Source: This book was given to me by Historical Fiction Virtual Book Tours in exchange for an honest review.
Synopsis: As recovery from World War II begins, expat American Nora Tours travels from her home in southern France to London in search of her missing sixteen-year-old daughter. There, she unexpectedly meets up with an old acquaintance, famous model-turned-photographer Lee Miller. Neither has emerged from the war unscathed. Nora is racked with the fear that her efforts to survive under the Vichy regime may have cost her daughter’s life. Lee suffers from what she witnessed as a war correspondent photographing the liberation of the Nazi concentration camps.
Nora and Lee knew each other in the heady days of late 1920’s Paris, when Nora was giddy with love for her childhood sweetheart, Lee became the celebrated mistress of the artist Man Ray, and Lee’s magnetic beauty drew them all into the glamorous lives of famous artists and their wealthy patrons. But Lee fails to realize that her friendship with Nora is even older, that it goes back to their days as children in Poughkeepsie, New York, when a devastating trauma marked Lee forever. Will Nora’s reunion with Lee give them a chance to forgive past betrayals, and break years of silence?
A novel of freedom and frailty, desire and daring, The Beautiful American portrays the extraordinary relationship between two passionate, unconventional woman.
My Review: The Beautiful American takes place in Paris in the 1920s and after World War II in London. Nora, an American expat, is searching for her missing daughter that leads her to London. In the doorway of Harrods’ perfume hall, she runs into her old friend, Lee Miller. This coincidental meeting reopens old wounds. Soon Nora finds herself coming to terms with her past. Little does she know that Lee too has not come out unscathed. She also suffers from what she witnessed in the war. Can the two come back together again and renew their friendship after what had happened in the past?
I found the characters to be unlikable. I really could not get into them. I found myself repulsed by their actions. Nora came across to me as naive. She is the narrator, and I had trouble getting into the tone of her voice. Her tone is very childish and for half of the novel, she is mostly gushing over her love and that distracted me from the novel. I also could not get into Lee Miller. I found her to be so selfish and spoiled that I really wanted her gone. I thought that she would get better, but at the end I felt like I really did not know her. I feel that the story should have been narrated by Lee or in the third person.
Overall, this story is about friendship, choices, and family. The overall message of the book is to forgive those who have hurt you. For even though Lee betrayed her, Norah eventually forgave her. I also did not really like the pacing of the novel. I really found the first half, where it is set in the 1920s, to be slow. I was more interested in the present storyline than their past. This is because of gushing how much in love she is. I like the part of her searching for her missing daughter, and I found the mother-daughter relationship to be touching. There are a lot of sad and depressing scenes in this book that is not for the faint of heart. Still, I felt that this novel was well-researched and the setting came alive. I recommend this story to anyone interested in The Gilded Age, the aftermath of WWII, and Lee Miller.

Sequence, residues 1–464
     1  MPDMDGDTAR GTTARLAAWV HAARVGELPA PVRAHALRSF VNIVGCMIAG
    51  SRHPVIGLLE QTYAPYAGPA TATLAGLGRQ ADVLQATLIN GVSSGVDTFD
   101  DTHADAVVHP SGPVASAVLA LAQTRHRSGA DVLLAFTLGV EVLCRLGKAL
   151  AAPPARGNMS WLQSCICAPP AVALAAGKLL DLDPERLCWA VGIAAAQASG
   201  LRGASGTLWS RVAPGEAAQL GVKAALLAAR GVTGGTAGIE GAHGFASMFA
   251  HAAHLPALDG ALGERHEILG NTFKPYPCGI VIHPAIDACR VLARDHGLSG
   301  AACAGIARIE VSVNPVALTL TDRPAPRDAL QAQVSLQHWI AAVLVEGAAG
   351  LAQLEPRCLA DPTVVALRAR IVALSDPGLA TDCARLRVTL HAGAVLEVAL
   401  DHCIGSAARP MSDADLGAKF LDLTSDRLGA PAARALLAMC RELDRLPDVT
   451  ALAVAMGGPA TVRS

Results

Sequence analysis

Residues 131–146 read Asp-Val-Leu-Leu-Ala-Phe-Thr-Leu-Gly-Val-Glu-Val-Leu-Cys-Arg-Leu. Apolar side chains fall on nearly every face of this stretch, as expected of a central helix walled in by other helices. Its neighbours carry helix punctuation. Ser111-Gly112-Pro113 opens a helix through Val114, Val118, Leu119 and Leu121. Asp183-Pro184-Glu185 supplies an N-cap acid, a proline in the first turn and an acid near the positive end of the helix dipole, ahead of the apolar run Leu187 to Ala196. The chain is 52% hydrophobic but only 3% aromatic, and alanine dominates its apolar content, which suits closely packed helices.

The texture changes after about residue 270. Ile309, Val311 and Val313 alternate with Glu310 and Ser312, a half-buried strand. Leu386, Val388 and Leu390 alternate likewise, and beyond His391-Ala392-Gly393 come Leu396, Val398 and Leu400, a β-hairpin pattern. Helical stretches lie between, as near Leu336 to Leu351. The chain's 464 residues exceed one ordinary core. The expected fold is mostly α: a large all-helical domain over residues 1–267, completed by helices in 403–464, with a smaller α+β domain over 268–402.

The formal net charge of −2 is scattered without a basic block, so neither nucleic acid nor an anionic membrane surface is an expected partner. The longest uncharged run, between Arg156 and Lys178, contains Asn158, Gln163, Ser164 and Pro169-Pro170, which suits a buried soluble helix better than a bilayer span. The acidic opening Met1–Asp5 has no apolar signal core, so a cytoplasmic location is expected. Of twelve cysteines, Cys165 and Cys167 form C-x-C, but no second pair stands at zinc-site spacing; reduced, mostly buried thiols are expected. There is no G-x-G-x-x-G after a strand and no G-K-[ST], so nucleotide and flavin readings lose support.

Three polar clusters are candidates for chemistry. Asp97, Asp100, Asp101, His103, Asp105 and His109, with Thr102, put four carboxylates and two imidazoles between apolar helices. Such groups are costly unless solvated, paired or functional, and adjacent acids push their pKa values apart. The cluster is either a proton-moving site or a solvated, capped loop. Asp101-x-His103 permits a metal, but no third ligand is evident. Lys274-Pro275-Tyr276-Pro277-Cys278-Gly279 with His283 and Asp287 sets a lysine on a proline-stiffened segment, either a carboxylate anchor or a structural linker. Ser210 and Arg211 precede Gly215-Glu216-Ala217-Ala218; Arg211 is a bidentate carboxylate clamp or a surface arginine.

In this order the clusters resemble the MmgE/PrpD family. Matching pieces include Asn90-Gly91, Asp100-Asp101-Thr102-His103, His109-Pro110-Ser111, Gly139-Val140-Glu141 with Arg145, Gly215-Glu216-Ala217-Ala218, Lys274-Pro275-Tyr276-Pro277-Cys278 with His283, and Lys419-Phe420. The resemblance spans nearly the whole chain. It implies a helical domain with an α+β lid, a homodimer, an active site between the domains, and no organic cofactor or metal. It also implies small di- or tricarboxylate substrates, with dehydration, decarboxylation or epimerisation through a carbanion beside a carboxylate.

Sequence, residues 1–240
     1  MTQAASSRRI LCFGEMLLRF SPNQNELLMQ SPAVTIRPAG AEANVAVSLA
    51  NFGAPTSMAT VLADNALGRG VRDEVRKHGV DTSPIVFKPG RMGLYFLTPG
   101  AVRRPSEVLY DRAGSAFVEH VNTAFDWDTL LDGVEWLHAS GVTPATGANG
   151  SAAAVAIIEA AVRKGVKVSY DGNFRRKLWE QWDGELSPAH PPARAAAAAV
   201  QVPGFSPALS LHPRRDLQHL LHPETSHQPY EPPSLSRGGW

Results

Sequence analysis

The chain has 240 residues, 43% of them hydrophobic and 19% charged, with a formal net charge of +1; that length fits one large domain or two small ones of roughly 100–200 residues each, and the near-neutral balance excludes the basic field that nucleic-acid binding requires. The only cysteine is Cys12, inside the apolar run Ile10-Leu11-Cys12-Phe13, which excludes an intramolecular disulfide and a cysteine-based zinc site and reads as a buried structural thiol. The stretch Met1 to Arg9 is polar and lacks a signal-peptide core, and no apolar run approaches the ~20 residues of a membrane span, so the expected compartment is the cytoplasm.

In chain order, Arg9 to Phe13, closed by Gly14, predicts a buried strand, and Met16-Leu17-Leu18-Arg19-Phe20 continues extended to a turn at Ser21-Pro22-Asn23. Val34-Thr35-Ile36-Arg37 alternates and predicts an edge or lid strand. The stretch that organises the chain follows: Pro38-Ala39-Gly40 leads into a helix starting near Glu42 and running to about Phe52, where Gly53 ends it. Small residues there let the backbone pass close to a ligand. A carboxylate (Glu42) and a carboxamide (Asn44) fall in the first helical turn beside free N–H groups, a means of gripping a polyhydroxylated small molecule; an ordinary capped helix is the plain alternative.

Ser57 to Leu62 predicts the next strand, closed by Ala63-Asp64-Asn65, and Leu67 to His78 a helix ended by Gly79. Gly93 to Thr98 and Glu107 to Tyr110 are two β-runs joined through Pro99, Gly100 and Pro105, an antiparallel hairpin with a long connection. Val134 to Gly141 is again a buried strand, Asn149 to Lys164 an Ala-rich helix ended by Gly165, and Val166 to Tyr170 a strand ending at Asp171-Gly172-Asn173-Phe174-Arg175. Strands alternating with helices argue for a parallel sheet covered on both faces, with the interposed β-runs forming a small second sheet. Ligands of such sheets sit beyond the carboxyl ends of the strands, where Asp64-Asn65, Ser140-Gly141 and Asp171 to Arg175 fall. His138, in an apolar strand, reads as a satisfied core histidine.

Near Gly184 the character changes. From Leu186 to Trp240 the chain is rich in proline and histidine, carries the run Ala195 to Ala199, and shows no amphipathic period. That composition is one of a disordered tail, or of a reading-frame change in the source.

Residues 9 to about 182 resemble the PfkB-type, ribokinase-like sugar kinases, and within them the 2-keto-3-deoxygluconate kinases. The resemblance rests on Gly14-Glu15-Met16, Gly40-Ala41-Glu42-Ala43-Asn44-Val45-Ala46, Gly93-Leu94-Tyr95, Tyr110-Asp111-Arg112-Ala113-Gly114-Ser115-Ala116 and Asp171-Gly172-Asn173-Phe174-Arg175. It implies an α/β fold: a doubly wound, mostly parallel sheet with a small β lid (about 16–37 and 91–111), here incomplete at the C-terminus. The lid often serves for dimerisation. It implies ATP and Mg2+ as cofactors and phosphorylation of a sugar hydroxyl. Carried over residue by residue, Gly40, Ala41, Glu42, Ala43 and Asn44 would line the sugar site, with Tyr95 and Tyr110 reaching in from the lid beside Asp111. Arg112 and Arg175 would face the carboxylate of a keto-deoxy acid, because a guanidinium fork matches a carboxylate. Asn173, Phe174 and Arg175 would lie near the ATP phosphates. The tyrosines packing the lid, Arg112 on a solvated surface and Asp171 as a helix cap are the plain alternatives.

Rating: 3 out of 5 stars
PRAISE“Will transport you to expat Paris.” – Suzanne Rindell, author of The Other Typist
“A brilliant, beautifully written literary masterpiece” – Sandra Dallas, author of Fallen Women
“Leaves its essence of love, loss, regret and hope long after the novel concludes.” – Erika Robuck, author of Fallen Beauty
“Achingly beautiful and utterly mesmerizing…her vividly drawn characters…come heartbreakingly alive in their obsessions, tragedies and triumphs” – Jennifer Robson, author of Somewhere in France
“From Poughkeepsie to Paris, from the razzmatazz of the twenties to the turmoil of World War Two and the perfume factories of Grasse, Mackin draws you into the world of expatriate artists and photographers and tells a story of love, betrayal, survival and friendship…an engaging and unforgettable novel” – Renee Rosen, author Doll Face
ABOUT THE AUTHOR
Jeanne Mackin’s novel, The Beautiful American (New American Library), based on the life of photographer and war correspondent Lee Miller, received the 2014 CNY award for fiction. Her other novels include A Lady of Good Family, about gilded age personality Beatrix Farrand, The Sweet By and By, about nineteenth century spiritualist Maggie Fox, Dreams of Empire set in Napoleonic Egypt, The Queen’s War, about Eleanor of Aquitaine, and The Frenchwoman, set in revolutionary France and the Pennsylvania wilderness.
Jeanne Mackin is also the author of the Cornell Book of Herbs and Edible Flowers (Cornell University publications) and co-editor of The Book of Love (W.W. Norton.) She was the recipient of a creative writing fellowship from the American Antiquarian Society and a keynote speaker for The Dickens Fellowship. Her work in journalism won awards from the Council for the Advancement and Support of Education, in Washington, D.C. She has taught or conducted workshops in Pennsylvania, Hawaii and at Goddard College in Vermont.
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